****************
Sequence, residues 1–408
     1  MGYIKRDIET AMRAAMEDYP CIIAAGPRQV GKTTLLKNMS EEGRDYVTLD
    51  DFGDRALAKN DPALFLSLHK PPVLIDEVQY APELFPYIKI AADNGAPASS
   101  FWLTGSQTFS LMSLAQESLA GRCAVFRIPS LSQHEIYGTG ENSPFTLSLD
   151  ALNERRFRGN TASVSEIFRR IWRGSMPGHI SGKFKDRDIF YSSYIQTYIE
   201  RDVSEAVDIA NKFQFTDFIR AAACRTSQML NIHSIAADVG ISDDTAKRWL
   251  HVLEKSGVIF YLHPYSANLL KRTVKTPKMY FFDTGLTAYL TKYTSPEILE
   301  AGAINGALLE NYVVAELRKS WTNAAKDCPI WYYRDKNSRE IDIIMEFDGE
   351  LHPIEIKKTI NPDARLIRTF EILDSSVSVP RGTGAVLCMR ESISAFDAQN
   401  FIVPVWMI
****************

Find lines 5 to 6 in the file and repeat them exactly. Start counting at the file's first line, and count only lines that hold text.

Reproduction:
   151  ALNERRFRGN TASVSEIFRR IWRGSMPGHI SGKFKDRDIF YSSYIQTYIE
   201  RDVSEAVDIA NKFQFTDFIR AAACRTSQML NIHSIAADVG ISDDTAKRWL